To work together, and see a project through, you need to be very honest with each other, and have very thick skin. You have to tell your co-writer when you don’t like something, because you both really do have to like everything you put into the final version. You need to be able to take criticism, and accept what you can’t both agree on. It’s like a tougher love version of murdering your darlings, because sometimes, you have to watch your co-writer murder them. 

To end up with a tight, working, story you need to both be on the same wavelength all the time. The manuscript has to read as though one person wrote it, not change styles or tone. One way we did that was to edit each other’s work regularly, not a full rewrite, but a once over of each scene. At the full edit/rewrite stage, we did this together over Skype. One of us would read it aloud, the other reading silently while also listening to the reader. 

One thing you will absolutely need is the ability to both access files from different locations at any time. So you need cloud storage. Liberator would have taken much, much longer to produce had we not had cloud access to all the files. Sometimes we would be working on laptops; other times tablets, and even phones. And of course, we live quite far apart. 

One of the big pros of course is motivation. You don’t want to let your co-writer down, and when they are feeling low, you can pick them up. When all else fails and you are in a bit of a slump… Meet up for coffee. Have a chat, and a laugh. Talk stuff out face-to-face. It works every time. When we meet up, I always come away happier and more motivated. 

Communication is king in collaborative work. Stay talking, most days. Darren and I talk almost every day, even if it is just by text. If you find yourself thinking that you are grinding away, and your co-writer doesn’t seem to be working as hard as you, don’t start to harbour resentment, get talking. It may be they have hit a barrier, the so-called writers block, and don’t know how to tell you. Maybe life has gotten in the way, as happens to everyone. Communicate, find out. They may just need you to talk to them and share a joke or two. We all know that writing can be lonely work, and if your co-writer is falling into a bad headspace, then you need to pick them back up, dust them down and get them back in the saddle. Because sure as hell, at some point you are going to need it done for you. 

And right there, is probably the very best thing about collaboration. You are not alone in the dark when you feel your manuscript is a piece of crap and you want to throw it in the bin, then climb right in after it. You know the times I am talking about. When you have a partner, they don’t climb in with you, they grab you by the scruff of the neck, shake you off and stick a cup of coffee in your hand.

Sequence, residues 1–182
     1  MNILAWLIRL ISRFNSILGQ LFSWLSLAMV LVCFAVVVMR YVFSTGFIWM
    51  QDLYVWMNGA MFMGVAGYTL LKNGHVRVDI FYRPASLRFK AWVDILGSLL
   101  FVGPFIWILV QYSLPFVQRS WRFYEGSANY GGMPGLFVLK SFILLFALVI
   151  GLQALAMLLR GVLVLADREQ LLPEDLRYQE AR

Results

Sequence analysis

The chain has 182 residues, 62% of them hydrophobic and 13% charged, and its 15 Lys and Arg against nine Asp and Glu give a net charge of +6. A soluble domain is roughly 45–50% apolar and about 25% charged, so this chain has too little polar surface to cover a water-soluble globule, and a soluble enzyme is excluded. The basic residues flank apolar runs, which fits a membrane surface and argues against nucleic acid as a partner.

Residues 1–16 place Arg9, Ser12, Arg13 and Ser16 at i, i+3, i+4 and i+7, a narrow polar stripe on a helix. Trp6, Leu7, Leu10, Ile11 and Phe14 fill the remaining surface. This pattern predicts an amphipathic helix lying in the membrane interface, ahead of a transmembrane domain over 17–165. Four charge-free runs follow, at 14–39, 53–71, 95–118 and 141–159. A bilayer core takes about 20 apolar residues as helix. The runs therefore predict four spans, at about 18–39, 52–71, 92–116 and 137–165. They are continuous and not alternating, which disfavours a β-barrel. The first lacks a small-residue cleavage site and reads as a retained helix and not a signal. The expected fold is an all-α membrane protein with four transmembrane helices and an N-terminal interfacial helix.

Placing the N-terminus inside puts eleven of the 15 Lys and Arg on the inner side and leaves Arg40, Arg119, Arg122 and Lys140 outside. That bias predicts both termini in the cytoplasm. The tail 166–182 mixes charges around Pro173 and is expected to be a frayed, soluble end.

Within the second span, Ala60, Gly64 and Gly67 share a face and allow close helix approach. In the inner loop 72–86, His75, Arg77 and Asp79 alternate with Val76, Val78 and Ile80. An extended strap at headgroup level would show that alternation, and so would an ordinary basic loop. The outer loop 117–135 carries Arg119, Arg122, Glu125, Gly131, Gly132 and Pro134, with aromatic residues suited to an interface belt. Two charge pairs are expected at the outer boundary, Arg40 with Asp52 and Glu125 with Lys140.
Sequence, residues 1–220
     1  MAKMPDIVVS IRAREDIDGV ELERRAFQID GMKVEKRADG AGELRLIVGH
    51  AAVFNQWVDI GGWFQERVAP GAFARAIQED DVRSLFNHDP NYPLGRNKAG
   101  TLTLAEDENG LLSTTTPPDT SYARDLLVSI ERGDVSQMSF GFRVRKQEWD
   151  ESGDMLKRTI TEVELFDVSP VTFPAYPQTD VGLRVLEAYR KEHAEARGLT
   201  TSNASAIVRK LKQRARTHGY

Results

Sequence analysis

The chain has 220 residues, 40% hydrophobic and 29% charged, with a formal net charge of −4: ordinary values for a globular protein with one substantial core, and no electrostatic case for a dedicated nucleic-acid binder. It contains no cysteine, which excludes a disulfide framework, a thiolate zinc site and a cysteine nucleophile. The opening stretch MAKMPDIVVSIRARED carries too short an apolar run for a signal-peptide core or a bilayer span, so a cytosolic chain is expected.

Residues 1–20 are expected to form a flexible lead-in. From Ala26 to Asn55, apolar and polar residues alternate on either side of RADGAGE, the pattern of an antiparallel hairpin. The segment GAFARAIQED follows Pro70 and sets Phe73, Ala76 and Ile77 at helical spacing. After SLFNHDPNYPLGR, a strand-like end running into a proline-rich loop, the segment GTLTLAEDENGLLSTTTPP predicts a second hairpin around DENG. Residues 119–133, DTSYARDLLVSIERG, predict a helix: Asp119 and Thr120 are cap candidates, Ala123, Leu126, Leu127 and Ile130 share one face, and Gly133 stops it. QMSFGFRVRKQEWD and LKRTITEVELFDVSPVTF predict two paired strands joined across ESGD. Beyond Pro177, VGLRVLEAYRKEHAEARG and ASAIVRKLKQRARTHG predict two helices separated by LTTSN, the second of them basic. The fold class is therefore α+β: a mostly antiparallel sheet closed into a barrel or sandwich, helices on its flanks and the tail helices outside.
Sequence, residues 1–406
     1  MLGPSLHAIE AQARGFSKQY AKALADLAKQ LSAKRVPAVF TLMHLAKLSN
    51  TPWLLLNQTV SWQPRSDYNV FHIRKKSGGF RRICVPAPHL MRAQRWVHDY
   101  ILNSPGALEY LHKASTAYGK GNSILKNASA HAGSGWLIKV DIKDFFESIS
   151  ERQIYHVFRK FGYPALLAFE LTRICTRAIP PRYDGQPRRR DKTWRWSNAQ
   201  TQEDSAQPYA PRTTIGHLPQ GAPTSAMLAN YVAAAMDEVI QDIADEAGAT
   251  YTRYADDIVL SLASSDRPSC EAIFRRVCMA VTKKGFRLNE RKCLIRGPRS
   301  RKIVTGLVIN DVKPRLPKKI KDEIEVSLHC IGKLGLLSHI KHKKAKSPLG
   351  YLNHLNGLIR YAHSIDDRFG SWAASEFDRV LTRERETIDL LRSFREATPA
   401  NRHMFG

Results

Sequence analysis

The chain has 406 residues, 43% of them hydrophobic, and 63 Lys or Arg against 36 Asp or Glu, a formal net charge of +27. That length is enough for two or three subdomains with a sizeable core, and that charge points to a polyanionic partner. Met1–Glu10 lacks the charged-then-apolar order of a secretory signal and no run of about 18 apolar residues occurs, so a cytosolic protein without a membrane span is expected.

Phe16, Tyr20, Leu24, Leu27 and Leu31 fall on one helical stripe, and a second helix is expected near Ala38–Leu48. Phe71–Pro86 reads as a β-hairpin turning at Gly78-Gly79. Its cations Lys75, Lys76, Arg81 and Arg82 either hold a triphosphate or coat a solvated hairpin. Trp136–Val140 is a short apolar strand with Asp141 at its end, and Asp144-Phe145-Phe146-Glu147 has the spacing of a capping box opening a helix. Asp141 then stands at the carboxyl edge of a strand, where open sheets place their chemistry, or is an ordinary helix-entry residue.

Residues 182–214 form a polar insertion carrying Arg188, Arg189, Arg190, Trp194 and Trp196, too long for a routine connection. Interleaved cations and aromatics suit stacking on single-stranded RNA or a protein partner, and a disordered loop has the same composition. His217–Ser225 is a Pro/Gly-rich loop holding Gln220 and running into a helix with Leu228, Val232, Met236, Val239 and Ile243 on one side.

So what else can I tell you? I am still learning, Liberator is the first novel either of us has published, and it was a proud moment when the first day’s sales came rolling in on the KDP report. I will probably still be learning when the KDP report rolls in for book 8. And I will still have my co-writer, my wingman, Darren, right there propping me up so that I can pretend it is all going to plan.


Colonel JJ Tristan, last officer of the Liberators, is trying to keep the embers of the once great military corporation burning, but passion and the dreams of a glorious past don’t pay the bills. Everything changes when Orlanda Nixon, a former unit member, calls for his help. Finally, he has a reason to reform the Liberators, but after eight years will he be able to gather enough of them together to rescue one of their own? JJ has his doubts; just getting their old warship back into space could be a problem.
The Liberators never left anyone behind, and JJ isn't about to let that happen now…

Sunday, 14 August 2016

Being different

And a few other musings, like blowing your own trumpet and confidence.

This has been a blog building for a number of days, from forum interactions, to reviews received, to just one of those dips in confidence all writers go through. It's been a rollercoaster week of thoughts and perceptions, leading me to a place where I'm on more solid ground.

That solid ground is that it is okay to be different. That, provided you're not looking to have a thousand people download your book on day one and Amazon to pick you out as the next sure-win in your category, it might even be a good thing.

That last is quite a big caveat - different is not an easy sell.

So, firstly, what's different about what I write? I write a Space Opera series that deals with a rebellion against a cruel Empress, has a chosen one as its main character and is, on the face of it, so far-so generic.

Then I got a timely review on it (from Leighton Evans) which touched on exactly what I tried to make my own in Abendau:

'There are no appendices for planets, ships, weapons, foods, drinks, stars, dust mites....there is a tremendous focus on character. You understand the universe from the eyes of the characters and none of them dwell on anything outside of the current situation and what led them there.'

Now, I'm not going to pretend I'm so clever as to set out and do anything fancy like subvert genres, or add a new dimension to Space Opera. I set out to write a story in the only way I know how - from the
characters' point of view. Anyone looking for nice omnipresent descriptions of ships in space, or
roving overviews of attack ships blowing up installations are in for a disappointment. I don't do that.

Instead, I do the commander watching a friend die, the twitching of her hand, the sadness of the moment. To heck with the shaking base and cool attack arrays. Kare doesn't notice that, in that moment. He sees that twitch, and wishes he could end their pain.